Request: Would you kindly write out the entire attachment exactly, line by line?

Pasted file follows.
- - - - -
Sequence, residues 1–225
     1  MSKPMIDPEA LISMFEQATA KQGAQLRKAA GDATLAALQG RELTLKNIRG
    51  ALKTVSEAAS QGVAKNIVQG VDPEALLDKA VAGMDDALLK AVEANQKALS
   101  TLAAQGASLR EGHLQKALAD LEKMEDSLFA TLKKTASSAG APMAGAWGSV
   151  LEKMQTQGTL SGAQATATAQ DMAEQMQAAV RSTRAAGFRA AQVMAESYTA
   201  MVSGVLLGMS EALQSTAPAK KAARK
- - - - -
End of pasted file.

Sequence, residues 1–225
     1  MSKPMIDPEA LISMFEQATA KQGAQLRKAA GDATLAALQG RELTLKNIRG
    51  ALKTVSEAAS QGVAKNIVQG VDPEALLDKA VAGMDDALLK AVEANQKALS
   101  TLAAQGASLR EGHLQKALAD LEKMEDSLFA TLKKTASSAG APMAGAWGSV
   151  LEKMQTQGTL SGAQATATAQ DMAEQMQAAV RSTRAAGFRA AQVMAESYTA
   201  MVSGVLLGMS EALQSTAPAK KAARK